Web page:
I forced myself to slow down this morning, a deep sense pouring over me that I had fallen into the habit of failing to appreciate the forest on account of the trees.
In my quasi-defense, the holiday season is the busiest time of year for me with my day job. I sell antiques and collectibles for Orion’s Attic, the estate liquidation company that Won-ok and I run together. I wake up each morning and hear my internal clock screaming at me to race to the basement. Time to start putting more cool finds up for sale in our eBay store, it implores. Time is running out.
I’ll venture into the woods at Sligo Creek later, I tell myself — knowing that I’m not being honest with myself … that our Eye On Sligo Creek passion project is likely to again take the back seat for the day.
Not this morning.
The surreal December sun was just too inviting. “Let’s take the cameras this time,” Won-ok said. Once we decide to pick up our gear — multiple cameras, sound recorders, binoculars and more — we know that we’re going to slow down and give ourselves time to soak in the awe of Sligo Creek.
The creek rewarded our choice instantly.
The piercing, inviting call of killdeer bellowed out from seemingly every direction as we snaked our way down the trail from Channing Drive toward the stormwater retention ponds by the Kemp Mill Shopping Center. A few white-throated sparrows stuck their cute little heads out from trailside shrubbery. Mallards awaited us at the ponds. They were getting their Sunday morning off to a fine start with repeated head-over-tailfeathers dips into the water — shaking their buttocks in the air. Cracks me up every time.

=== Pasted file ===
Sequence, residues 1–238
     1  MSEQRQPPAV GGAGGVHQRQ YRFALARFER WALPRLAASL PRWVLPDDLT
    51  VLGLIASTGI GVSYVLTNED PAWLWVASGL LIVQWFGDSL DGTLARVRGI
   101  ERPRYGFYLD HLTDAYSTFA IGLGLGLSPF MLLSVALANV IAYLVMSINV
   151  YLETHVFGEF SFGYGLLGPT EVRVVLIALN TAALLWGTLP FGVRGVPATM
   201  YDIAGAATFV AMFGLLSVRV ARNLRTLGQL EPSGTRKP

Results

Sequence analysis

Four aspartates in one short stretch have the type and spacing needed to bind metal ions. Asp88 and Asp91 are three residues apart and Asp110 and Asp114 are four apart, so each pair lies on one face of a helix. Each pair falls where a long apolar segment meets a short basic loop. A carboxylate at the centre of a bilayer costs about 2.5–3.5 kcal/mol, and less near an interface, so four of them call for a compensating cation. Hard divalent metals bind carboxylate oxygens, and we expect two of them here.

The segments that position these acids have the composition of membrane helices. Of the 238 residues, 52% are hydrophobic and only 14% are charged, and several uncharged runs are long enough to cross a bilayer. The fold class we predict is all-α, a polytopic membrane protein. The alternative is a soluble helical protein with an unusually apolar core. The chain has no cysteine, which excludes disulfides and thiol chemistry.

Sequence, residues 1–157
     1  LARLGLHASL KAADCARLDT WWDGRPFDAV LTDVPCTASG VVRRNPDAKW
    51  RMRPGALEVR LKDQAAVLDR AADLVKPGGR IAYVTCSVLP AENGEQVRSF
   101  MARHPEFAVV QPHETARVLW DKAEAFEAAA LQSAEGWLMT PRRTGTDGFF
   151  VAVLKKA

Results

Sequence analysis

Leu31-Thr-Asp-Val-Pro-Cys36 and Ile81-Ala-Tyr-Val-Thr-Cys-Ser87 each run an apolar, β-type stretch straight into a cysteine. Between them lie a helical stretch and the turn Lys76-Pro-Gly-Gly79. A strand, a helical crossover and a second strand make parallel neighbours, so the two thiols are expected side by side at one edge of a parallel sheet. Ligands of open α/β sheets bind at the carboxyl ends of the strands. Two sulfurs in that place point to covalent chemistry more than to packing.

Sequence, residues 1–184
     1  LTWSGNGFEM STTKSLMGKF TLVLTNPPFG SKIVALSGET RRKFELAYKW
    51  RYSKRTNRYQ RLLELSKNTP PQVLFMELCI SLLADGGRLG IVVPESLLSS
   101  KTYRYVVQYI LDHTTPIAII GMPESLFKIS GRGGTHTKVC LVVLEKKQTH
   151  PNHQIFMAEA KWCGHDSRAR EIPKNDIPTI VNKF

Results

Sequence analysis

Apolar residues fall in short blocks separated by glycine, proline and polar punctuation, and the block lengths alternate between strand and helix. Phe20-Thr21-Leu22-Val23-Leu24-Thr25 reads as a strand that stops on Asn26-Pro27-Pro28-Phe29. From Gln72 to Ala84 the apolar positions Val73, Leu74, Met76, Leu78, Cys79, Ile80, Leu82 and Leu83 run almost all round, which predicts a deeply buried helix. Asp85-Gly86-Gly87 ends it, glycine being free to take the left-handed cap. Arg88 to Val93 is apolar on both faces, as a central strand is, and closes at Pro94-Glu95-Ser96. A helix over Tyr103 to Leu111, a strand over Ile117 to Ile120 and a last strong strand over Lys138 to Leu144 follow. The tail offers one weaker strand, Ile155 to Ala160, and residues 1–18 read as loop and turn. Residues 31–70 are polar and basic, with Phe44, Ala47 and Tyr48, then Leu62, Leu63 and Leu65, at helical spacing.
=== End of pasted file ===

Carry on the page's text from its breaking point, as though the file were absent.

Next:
Won-ok clicked away with her Canon camera while I just used my actual eye lenses to capture the scene. A female kingfisher perched herself atop her favorite snag and surveyed the water for a bite to eat. She made several passes around the ponds but no dives. Kitchen cupboards bare, I guess. A bunch of other birds skirted around the bushes by the ponds’ edges.
A flash of dark red, white and blue zipped across the top of my line of sight. I looked up in time to catch what I thought at first was a Cooper’s hawk landing on a tree branch. (Several hawk experts commenting on our iNaturalist page would later confirm it was a red-shouldered hawk. He or she (I’m still too novice of a naturalist to know the hawk’s gender) sat there for a while and gave us one of the best looks at the bird that we’ve ever had. Several ravens dropped onto nearby branches.
Tension filled the air.
The hawk stared at them before some kind of predator and prey contest began. Maybe it was just a scuffle about territory rights; I don’t know. I wasn’t sure who was chasing whom, or even if I had the grammar right, but they all leaped toward each other several times before seeming to agree on going their separate ways.
Won-ok smiled as she showed me the LCD screen on her camera: The hawk’s red eyes lit up the whole panel.
I didn’t want to leave but I couldn’t wait to get home, either. It was time to get back to sharing our love of Sligo Creek with people not lucky enough to hang out with a red-shouldered hawk on a Sunday morning.